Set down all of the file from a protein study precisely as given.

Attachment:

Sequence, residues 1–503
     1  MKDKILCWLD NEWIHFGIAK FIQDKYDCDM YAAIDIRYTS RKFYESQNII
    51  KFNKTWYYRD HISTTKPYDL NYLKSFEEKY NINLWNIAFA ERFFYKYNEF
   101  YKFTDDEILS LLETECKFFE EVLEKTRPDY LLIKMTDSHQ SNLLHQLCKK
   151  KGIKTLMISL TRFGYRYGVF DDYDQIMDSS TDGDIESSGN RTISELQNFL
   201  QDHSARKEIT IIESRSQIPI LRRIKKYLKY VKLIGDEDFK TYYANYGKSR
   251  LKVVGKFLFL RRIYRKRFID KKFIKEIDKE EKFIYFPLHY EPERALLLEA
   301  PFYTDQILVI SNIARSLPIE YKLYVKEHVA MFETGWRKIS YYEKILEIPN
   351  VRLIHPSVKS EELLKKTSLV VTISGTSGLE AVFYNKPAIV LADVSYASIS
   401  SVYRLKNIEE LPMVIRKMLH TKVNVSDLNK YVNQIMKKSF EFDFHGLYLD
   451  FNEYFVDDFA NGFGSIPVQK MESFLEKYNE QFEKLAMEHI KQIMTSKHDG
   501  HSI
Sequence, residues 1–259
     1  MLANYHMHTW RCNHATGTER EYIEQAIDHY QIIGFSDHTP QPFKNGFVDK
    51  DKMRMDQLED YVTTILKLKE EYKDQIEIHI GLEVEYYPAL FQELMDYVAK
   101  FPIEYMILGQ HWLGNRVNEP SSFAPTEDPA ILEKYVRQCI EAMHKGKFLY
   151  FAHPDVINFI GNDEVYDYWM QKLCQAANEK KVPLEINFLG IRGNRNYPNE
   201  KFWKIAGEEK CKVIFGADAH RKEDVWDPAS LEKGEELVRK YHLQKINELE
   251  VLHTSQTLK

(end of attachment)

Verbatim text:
Sequence, residues 1–503
     1  MKDKILCWLD NEWIHFGIAK FIQDKYDCDM YAAIDIRYTS RKFYESQNII
    51  KFNKTWYYRD HISTTKPYDL NYLKSFEEKY NINLWNIAFA ERFFYKYNEF
   101  YKFTDDEILS LLETECKFFE EVLEKTRPDY LLIKMTDSHQ SNLLHQLCKK
   151  KGIKTLMISL TRFGYRYGVF DDYDQIMDSS TDGDIESSGN RTISELQNFL
   201  QDHSARKEIT IIESRSQIPI LRRIKKYLKY VKLIGDEDFK TYYANYGKSR
   251  LKVVGKFLFL RRIYRKRFID KKFIKEIDKE EKFIYFPLHY EPERALLLEA
   301  PFYTDQILVI SNIARSLPIE YKLYVKEHVA MFETGWRKIS YYEKILEIPN
   351  VRLIHPSVKS EELLKKTSLV VTISGTSGLE AVFYNKPAIV LADVSYASIS
   401  SVYRLKNIEE LPMVIRKMLH TKVNVSDLNK YVNQIMKKSF EFDFHGLYLD
   451  FNEYFVDDFA NGFGSIPVQK MESFLEKYNE QFEKLAMEHI KQIMTSKHDG
   501  HSI
Sequence, residues 1–259
     1  MLANYHMHTW RCNHATGTER EYIEQAIDHY QIIGFSDHTP QPFKNGFVDK
    51  DKMRMDQLED YVTTILKLKE EYKDQIEIHI GLEVEYYPAL FQELMDYVAK
   101  FPIEYMILGQ HWLGNRVNEP SSFAPTEDPA ILEKYVRQCI EAMHKGKFLY
   151  FAHPDVINFI GNDEVYDYWM QKLCQAANEK KVPLEINFLG IRGNRNYPNE
   201  KFWKIAGEEK CKVIFGADAH RKEDVWDPAS LEKGEELVRK YHLQKINELE
   251  VLHTSQTLK